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Given that \(p\ge 7\) is a prime number, evaluate\(1^{-1} \cdot 2^{-1} + 2^{-1} \cdot 3^{-1} + 3^{-1} \cdot 4^{-1} + \cdots + (p-2)^{-1} \cdot (p-1)^{-1} \pmod{p}. \)

 
 Jun 11, 2024
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We can rewrite this as \(\frac{1}{1\times2} + \frac{1}{2\times3} + \frac{1}{3\times4} + ... + \frac{1}{(p-2)\times (p-1)}\). All of these terms are in the form of \(\frac{1}{n(n+1)}\), so let's first try to simplify that.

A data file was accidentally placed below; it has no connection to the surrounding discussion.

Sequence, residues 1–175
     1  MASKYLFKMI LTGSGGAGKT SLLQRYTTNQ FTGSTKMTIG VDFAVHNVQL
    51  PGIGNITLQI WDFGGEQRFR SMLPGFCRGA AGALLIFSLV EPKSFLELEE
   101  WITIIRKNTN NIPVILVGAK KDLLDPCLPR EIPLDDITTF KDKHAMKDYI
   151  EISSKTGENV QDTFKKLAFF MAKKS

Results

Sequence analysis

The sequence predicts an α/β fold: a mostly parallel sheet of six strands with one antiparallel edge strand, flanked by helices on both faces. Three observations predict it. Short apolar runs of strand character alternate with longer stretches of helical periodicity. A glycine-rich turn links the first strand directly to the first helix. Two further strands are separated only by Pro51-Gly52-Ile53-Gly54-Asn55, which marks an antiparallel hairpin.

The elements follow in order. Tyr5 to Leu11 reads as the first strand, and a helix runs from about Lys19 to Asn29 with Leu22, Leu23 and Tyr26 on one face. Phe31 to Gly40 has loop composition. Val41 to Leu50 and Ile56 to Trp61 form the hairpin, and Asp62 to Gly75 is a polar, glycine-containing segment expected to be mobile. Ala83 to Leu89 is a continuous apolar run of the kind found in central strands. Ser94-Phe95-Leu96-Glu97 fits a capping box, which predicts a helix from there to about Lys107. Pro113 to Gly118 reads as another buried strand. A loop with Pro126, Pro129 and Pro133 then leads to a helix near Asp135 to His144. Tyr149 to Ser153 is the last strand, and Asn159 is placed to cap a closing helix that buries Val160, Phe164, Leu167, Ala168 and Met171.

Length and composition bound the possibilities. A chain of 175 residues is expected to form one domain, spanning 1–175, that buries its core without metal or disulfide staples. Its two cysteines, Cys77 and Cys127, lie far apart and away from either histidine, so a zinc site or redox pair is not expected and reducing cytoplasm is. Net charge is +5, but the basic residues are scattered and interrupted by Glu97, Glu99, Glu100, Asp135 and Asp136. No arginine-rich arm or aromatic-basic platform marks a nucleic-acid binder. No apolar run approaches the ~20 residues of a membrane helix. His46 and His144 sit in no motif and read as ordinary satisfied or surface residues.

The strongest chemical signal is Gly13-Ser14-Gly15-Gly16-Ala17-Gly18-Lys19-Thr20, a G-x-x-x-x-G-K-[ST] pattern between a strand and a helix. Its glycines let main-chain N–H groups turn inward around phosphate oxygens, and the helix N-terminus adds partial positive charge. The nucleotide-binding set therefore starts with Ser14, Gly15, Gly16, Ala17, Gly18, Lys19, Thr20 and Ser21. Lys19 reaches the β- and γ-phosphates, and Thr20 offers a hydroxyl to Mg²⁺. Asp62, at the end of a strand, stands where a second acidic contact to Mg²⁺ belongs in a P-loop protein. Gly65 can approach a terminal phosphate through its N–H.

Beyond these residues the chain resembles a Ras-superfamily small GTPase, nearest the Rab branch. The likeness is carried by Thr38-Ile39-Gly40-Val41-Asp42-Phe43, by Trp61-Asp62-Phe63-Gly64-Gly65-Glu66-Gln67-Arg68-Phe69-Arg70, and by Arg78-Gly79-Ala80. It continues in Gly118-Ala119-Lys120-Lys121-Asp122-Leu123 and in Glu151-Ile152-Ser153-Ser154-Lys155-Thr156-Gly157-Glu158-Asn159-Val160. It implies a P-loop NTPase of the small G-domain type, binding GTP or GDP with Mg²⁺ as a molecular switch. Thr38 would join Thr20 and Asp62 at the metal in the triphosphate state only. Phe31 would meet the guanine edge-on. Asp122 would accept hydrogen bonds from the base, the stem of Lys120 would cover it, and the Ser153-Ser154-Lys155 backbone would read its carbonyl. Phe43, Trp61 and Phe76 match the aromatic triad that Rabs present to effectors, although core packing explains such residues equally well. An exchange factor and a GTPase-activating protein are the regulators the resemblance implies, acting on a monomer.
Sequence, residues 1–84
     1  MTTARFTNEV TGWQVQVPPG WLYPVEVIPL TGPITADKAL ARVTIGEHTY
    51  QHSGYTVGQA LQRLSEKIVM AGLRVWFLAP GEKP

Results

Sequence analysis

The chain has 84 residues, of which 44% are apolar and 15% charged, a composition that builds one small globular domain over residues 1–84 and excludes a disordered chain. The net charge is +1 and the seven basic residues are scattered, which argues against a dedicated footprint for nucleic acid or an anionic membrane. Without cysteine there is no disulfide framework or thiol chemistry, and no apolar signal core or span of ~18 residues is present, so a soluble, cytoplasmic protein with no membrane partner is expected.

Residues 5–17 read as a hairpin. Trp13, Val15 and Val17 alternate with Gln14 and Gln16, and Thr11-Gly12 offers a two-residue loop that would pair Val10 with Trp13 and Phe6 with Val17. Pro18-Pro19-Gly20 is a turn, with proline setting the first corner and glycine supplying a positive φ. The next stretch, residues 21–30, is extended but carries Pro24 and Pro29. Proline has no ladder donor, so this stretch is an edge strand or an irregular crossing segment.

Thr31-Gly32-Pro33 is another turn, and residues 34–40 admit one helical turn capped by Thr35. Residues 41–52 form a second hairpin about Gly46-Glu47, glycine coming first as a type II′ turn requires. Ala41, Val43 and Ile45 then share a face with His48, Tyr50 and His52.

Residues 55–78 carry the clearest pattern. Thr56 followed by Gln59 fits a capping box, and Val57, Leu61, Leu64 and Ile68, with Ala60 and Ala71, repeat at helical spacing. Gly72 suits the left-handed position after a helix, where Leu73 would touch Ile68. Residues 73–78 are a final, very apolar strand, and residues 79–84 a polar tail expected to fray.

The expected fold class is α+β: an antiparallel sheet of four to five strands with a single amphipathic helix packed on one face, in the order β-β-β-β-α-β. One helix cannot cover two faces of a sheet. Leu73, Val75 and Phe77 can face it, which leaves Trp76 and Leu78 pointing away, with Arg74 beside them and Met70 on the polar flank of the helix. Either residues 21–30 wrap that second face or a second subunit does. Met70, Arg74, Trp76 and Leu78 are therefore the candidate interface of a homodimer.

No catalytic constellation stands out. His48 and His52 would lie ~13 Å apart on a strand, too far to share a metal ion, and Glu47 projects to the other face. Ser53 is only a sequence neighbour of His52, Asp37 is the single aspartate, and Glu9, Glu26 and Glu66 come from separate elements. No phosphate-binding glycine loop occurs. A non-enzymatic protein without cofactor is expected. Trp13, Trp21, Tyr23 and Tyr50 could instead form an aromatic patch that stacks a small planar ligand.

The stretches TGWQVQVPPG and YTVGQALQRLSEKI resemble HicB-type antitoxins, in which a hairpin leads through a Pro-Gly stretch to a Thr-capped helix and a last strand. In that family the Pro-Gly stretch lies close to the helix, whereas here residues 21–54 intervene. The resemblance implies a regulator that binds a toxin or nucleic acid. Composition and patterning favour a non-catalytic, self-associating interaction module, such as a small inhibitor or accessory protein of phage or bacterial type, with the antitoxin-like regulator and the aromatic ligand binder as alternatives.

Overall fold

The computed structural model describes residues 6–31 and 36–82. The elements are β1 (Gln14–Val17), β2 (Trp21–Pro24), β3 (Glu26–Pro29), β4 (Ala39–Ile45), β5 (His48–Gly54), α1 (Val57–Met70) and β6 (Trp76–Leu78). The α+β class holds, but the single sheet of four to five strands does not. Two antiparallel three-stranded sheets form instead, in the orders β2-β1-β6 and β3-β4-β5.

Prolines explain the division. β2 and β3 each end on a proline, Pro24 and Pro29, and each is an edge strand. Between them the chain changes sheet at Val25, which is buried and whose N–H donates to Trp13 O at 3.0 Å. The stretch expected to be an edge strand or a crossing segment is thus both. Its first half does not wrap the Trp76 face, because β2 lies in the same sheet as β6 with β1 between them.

\(\frac{1}{n(n+1)}\)

\(\frac{1+n-n}{n(n+1)}\)

\(\frac{1+n}{n(n+1)} - \frac{n}{n(n+1)}\)

\(\frac{1}{n} - \frac{1}{n+1}\)

 

Now, we can rewrite all of out fractions as \((\frac{1}{1} - \frac{1}{2})+(\frac{1}{2} - \frac{1}{3})+(\frac{1}{3} - \frac{1}{4}) + ... +(\frac{1}{p-2} - \frac{1}{p-1})\)

We can finally simplify this to \(1 - \frac{1}{p-1}\) or \(\mathbf{\frac{p-2}{p-1}}\), which is the final answer.

 

 

You could also solve this by induction, because you could notice that \(\frac{1}{2}+\frac{1}{2\times3}=2/3\) and that  \(\frac{1}{1\times2}+\frac{1}{2\times3} + \frac{1}{3\times4}=3/4\).

 Jun 11, 2024

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